Calabasas to Get Senior Center

A senior task force has been formed to move forward with the creation of a new senior center.


Calabasas seniors are now a step closer to getting their very own senior center.

At a recent meeting, the City Council approved preliminary designs and a budget estimate for a senior center, said community services director Jeff Rubin.

A senior task force consisting of six local residents, Mayor Mary Sue Maurer and City Councilmember David Shapiro was formed in October to start making headway for the proposed center.

The move was in response to the pleas and concerns of a local group who call themselves the “Savvy Seniors.” Carol Davis, a resident of Calabasas for the past 36 years, is one of the driving forces behind the active group.

“We are a very active bunch who go all over the place to take part in activities and take classes but it’s sort of scattered around,” said Davis, naming De Anza Park, the Founders’ Hall in the library and the Calabasas Tennis and Swim Center as the places her group frequents. “So we felt it was high time that we have it all under one roof so we also have a place to hang out, network and just be organized.”

Both the City Council and the task force have agreed that the Civic Center is the ideal place for a senior center due to its proximity to the library and The Commons.

“We can easily walk to The Commons for lunch or a movie plus it’s well-lit day and night,” Davis said.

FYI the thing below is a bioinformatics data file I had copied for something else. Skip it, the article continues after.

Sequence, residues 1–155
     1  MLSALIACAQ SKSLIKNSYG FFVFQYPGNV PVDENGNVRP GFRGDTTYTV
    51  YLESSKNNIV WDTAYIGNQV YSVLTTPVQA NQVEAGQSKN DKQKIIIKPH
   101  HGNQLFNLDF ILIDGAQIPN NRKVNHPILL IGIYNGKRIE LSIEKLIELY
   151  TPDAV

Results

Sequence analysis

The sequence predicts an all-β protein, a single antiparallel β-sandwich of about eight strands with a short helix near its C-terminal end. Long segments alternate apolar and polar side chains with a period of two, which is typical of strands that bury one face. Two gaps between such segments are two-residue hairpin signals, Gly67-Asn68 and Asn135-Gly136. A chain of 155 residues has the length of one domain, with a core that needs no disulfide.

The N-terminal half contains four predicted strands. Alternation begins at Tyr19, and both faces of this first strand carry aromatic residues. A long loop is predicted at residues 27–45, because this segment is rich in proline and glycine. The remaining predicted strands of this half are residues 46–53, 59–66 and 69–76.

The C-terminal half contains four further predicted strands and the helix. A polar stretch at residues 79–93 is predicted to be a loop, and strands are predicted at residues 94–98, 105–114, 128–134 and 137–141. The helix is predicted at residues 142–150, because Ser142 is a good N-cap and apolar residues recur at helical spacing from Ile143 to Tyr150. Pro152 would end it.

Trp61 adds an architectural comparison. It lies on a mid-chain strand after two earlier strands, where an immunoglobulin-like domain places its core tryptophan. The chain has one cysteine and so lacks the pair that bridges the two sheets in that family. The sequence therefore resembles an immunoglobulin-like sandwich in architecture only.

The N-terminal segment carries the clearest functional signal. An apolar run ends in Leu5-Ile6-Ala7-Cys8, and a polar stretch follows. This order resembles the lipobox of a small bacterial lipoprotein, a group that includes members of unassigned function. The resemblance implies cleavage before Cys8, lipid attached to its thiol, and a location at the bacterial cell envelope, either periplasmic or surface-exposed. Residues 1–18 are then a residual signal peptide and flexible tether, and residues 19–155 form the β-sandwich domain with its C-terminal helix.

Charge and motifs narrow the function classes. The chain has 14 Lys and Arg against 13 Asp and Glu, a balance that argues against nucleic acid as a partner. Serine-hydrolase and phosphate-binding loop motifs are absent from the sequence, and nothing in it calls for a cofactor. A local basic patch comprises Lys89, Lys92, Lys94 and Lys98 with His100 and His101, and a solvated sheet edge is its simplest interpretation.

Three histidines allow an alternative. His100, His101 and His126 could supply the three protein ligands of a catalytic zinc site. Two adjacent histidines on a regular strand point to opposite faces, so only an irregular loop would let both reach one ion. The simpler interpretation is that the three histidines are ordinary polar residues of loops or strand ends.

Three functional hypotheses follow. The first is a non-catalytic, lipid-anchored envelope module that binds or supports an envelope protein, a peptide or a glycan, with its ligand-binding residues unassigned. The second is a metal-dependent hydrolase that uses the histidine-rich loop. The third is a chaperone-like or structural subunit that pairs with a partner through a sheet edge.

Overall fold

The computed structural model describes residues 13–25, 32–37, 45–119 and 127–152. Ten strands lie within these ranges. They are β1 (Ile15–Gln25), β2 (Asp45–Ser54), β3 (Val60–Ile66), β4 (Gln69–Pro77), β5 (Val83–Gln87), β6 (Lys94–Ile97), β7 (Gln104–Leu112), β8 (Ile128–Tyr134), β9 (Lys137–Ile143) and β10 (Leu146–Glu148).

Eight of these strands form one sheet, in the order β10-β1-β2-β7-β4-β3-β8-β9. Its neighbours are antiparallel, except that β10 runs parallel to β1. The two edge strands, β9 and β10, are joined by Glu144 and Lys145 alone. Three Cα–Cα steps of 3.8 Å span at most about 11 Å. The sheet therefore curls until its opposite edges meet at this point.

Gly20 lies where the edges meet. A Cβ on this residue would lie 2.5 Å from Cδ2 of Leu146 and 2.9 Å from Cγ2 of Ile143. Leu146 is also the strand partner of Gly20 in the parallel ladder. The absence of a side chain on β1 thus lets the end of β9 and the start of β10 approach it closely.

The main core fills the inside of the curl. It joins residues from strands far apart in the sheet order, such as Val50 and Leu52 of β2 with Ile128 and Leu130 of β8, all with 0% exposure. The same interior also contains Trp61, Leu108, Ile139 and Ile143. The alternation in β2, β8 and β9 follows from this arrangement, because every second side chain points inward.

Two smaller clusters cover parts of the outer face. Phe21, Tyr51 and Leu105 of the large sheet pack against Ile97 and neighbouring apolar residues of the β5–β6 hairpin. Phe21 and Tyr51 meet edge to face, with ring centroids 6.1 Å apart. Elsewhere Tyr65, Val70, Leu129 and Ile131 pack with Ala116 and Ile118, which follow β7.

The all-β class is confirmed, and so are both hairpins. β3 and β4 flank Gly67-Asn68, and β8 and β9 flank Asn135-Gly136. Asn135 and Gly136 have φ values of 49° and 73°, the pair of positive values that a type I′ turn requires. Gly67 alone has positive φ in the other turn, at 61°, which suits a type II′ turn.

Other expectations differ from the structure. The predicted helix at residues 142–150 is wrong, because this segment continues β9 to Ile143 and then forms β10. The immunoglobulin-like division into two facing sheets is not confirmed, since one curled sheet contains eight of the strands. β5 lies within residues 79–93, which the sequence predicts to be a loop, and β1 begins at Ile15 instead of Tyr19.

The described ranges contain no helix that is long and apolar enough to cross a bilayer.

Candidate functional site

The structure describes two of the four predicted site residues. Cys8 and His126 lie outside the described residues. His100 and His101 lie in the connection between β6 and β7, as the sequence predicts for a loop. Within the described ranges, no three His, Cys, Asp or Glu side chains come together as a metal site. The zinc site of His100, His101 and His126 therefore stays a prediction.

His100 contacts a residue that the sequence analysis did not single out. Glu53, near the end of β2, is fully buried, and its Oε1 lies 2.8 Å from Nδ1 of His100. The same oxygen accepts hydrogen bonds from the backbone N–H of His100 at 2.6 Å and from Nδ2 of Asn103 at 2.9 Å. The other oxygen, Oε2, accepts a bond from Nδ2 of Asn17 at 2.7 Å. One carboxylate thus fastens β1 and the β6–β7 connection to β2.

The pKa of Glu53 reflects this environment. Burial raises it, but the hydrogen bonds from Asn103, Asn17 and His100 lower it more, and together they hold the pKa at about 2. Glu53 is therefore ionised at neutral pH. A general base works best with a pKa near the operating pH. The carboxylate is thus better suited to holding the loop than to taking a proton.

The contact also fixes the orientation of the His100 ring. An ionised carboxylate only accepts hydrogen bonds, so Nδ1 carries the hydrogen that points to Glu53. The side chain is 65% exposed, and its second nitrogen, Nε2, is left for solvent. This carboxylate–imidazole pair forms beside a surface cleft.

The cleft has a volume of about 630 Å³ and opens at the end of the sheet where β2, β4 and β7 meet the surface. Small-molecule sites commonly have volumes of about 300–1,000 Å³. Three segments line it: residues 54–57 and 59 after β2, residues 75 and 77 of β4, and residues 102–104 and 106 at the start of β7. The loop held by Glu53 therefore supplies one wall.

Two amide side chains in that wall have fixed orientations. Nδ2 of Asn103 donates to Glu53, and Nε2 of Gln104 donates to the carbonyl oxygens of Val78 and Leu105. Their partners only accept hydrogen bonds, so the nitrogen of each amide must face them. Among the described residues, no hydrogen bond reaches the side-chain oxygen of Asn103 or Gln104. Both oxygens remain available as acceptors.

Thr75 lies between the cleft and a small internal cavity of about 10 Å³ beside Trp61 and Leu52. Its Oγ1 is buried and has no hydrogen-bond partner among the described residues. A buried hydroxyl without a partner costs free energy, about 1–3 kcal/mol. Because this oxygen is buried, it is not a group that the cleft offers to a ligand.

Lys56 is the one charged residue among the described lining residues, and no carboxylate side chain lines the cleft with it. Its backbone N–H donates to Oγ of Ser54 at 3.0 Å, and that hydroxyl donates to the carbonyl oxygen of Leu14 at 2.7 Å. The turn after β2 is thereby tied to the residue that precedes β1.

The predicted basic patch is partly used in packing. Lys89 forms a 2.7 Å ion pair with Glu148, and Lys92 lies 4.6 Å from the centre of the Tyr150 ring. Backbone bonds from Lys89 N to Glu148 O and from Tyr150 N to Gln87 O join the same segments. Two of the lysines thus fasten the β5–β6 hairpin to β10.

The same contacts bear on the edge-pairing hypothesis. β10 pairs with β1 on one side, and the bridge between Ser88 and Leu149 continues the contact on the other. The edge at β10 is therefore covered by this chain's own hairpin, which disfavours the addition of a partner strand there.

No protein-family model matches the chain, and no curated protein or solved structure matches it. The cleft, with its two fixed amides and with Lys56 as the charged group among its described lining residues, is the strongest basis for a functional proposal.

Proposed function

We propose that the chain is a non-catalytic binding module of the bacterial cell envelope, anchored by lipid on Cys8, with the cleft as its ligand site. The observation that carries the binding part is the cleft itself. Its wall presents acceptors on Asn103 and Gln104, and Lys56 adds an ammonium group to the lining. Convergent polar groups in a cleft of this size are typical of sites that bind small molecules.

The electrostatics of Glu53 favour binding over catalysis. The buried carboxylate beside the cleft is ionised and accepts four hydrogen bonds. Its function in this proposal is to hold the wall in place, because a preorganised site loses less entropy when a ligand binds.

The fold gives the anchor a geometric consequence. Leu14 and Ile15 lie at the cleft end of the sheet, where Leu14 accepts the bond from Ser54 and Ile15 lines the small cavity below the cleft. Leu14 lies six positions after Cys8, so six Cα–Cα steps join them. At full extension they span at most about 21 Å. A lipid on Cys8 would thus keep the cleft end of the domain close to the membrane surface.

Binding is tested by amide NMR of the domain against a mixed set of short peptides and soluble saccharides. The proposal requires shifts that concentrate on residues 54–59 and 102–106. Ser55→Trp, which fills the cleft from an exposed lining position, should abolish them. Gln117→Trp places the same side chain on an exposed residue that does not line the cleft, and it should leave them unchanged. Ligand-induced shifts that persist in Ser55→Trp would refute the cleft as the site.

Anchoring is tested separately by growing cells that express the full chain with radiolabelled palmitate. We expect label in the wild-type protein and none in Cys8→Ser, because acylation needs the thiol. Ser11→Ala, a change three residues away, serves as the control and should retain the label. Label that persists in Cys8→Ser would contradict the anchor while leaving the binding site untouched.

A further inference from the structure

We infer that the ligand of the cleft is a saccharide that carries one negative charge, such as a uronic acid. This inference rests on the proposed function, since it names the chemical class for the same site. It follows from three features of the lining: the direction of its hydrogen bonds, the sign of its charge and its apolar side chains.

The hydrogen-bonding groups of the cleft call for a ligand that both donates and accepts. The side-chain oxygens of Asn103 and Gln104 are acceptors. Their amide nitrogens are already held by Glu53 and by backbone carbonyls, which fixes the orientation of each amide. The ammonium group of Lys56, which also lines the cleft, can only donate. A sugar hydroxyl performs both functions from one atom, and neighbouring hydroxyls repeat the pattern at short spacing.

The former market researcher also mentioned the need for a quieter place for meetings or presentations. “One time, we wanted to invite this lawyer to give seniors some free legal advice, but we couldn’t find a suitable place that was quiet enough,” she said.

Hosting bereavement groups would also call for peace and quiet, said Davis, who has looked into senior centers in and around Los Angeles county and was surprised that there at least 100 of them but none in Calabasas.

After the New Year, one of the first assignments for the task force will be a “field trip” of sorts around the valley and surrounding areas.

“We want to look at other senior centers, take notes of the things we like and see how they can be implemented in Calabasas,” said Sue Somberg, another longtime resident and task force member.

Davis is already envisioning an art room. “Most of us like going to the art classes and in most places, we can’t really make a mess,” she said.

According to Davis, there are about 2,800 classes each season for seniors in the area, ranging from art history to improv to water aerobics. Most classes average anywhere from 30 to 150 attendees.

“As you can tell, we are a very active bunch, so having a senior center would really mean a lot to us,” said Davis.

The group has much to look forward to after the holidays, even if the senior center completion won’t be happening in 18 to 24 months, according to Davis’ estimate.

“Aside from the senior center visits, the task force will also be reviewing a proposal prepared by an architectural firm staff to conduct public workshops and the like," said Rubin.




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